King Klout and Why Its Power Makes Me Nervous

This post takes a deep look at Klout.com, which aims to be a credit score type metric of online influence.  If you haven’t heard of a Klout score before (or hate Klout), first read my post about why Klout scores matter.  I do believe the topic will affect all 8pm Warriors to some degree.  It’s hard to lead without influence.

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We are giving Klout a lot of power.  A lot of time.  A lot of credibility.

Klout scores matter because we believe they matter, and the momentum is only growing stronger. They have something very powerful.

Now I’m getting nervous about it.

It all started when I noticed that my topics and endorsements (+K votes) on Klout.com disappeared last night.

I was not alone.

Glitches happen in online businesses and they usually get fixed.  Since I make mistakes too, I tried to move on.

However, this morning I had a brief conversation with Megan Berry (Marketing guru from Klout) on Twitter.  She told me it was normal that several of my topics and +K endorsements had disappeared and that I could always “get more”.

I wasn’t buying it.

I got irritated and ran my mouth a bit (sorry Megan).  Why tell us this is normal when it was clearly screwed up?  A lot of my friends had no topics or any of the +K endorsements I gave them recently.

When I give someone an endorsement on a topic, I expect it to be there.  Otherwise I am wasting time.

Believe it or not, but people are taking time out of their day to show appreciation, support, and respect to others that influence them and they’re using Klout to do it.  Instead of sending an email, letter, or phone call of appreciation, some are actually using the +K feature to send a quick note of thanks.  I do that myself sometimes.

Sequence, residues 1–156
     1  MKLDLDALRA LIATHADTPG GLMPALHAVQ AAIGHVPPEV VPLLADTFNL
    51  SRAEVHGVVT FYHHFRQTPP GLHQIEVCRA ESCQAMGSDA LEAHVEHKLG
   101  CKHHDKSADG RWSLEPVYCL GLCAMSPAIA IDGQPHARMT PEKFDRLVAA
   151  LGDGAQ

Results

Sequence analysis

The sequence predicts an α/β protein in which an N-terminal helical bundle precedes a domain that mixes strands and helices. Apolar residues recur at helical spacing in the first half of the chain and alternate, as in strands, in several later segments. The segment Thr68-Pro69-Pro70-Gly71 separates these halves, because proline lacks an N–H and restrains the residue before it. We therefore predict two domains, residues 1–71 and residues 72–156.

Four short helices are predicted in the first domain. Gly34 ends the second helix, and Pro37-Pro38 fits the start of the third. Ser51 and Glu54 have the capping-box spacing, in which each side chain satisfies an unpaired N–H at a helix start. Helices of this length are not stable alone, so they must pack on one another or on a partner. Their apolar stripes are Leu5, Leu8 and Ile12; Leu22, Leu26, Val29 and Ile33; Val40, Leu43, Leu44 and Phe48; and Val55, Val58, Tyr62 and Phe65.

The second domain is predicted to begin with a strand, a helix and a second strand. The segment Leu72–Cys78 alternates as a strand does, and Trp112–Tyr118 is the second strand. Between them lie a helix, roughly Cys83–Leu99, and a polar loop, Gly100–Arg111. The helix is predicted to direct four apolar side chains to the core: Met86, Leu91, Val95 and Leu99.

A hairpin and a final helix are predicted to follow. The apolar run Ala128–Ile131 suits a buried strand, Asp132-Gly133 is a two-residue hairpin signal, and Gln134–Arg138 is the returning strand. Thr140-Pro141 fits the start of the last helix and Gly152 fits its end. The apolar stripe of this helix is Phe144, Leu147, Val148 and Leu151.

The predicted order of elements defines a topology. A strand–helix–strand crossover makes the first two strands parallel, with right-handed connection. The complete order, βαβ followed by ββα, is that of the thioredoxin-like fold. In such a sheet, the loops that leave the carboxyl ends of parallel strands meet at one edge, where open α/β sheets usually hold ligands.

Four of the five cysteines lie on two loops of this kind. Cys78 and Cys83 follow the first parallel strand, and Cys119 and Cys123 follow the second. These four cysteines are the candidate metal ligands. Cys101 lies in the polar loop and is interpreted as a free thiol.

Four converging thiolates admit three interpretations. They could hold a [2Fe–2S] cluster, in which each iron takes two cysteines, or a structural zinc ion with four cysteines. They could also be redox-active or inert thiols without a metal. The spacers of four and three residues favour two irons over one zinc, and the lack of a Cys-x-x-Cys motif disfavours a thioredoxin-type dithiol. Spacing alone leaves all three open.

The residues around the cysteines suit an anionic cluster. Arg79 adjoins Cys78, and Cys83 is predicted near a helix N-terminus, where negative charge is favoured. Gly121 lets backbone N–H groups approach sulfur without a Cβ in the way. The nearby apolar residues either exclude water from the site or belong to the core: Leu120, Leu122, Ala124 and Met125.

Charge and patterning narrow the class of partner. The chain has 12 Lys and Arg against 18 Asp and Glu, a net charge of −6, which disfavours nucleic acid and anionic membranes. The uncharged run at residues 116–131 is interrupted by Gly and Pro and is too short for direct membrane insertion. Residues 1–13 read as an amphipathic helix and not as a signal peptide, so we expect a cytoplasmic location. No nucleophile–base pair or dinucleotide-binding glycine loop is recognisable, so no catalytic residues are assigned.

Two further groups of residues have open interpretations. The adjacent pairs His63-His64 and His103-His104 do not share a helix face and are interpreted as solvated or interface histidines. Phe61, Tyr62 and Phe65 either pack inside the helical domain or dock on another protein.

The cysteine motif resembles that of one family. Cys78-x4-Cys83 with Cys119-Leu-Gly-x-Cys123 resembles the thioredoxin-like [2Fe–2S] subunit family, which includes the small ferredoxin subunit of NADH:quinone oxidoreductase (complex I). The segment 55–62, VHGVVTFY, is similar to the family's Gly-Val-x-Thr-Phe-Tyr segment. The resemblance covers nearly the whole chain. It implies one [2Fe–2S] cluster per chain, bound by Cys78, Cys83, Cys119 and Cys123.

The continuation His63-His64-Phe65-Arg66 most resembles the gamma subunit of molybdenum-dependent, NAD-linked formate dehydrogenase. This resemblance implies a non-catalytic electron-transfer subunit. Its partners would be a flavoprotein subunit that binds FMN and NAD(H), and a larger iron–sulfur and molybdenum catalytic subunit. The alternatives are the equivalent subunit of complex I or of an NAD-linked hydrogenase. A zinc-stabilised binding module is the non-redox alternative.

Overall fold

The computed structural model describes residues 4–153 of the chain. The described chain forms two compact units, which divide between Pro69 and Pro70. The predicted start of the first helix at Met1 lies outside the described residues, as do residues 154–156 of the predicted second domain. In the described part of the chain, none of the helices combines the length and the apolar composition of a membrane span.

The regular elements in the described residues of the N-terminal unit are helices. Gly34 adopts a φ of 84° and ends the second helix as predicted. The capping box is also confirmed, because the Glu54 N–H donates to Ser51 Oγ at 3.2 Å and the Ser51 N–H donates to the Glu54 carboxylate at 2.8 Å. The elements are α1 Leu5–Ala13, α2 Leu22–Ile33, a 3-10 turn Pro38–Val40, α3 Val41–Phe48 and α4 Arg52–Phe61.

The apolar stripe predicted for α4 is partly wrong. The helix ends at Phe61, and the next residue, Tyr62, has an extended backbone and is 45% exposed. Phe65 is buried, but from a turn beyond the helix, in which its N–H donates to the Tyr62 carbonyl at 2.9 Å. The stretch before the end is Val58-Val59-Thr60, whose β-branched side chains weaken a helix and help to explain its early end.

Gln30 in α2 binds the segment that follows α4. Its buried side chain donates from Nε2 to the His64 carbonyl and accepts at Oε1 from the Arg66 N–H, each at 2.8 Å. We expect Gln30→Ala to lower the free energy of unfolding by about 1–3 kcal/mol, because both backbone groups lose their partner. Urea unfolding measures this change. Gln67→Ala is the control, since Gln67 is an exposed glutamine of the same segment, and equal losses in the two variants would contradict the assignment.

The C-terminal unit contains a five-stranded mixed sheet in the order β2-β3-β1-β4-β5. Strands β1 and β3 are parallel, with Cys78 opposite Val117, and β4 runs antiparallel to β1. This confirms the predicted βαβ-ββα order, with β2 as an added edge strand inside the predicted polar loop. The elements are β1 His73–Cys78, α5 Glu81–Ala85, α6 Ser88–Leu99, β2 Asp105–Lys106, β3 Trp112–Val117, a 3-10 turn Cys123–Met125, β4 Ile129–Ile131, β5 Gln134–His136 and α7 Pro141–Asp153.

With the disappearing topics and +K endorsements last night, I think many people felt cheated and angry that their interactions were erased without warning.  I know that’s how I felt.
Here’s what I said.

Since I wrote a complimentary section about Megan Berry and Klout in my last post, I was embarrassed that this was taking place right before my eyes.  It seemed like a cover up and others were calling/texting/tweeting with me about it because they were irritated too.

I was wrong.

Megan sent me this email explaining what happened (Disclosure:  I let her know I would be using her response in my post):

You’re right, this was something different today. We were experimenting with new ways to display +K’s.  All of the +K’s are backed up and we will be restoring them soon. Sorry for the confusion, we definitely appreciate your support. Let me know if you have any other q’s I can answer.

-Megan

Sounds like case closed right?

Apparently not.  Later in the day, I noticed that my Klout scores took a rather unprecedented dive after my negative tweets in the morning.

I’m not going to say that my Klout scores took a hit because I was saying something negative about Klout.com.  That would be crazy.

But what if it was true?

 

What’s anyone going to do about it?  Absolutely nothing.

This matters if you are focused on social media or online marketing for a career. Klout scores matter when selling yourself as a consultant.  A reduced Klout score may pose a problem, just like a reduced FICO credit score poses a problem for anyone looking to get the best rates on a new mortgage.

One of my friends (Albert Qian) who does social media consulting  is labeled a “Dabbler” by Klout, even though he has 15,000 tweets.  That’s quite the dabbler!

Who wants to hire a social media “dabbler” to help them with social media?

No one.

Who has helped Albert with this?

No one.  (Even though I’ve asked)

Who can keep them from abusing their newly acquired power to punish people who tweet or write blogs criticizing Klout?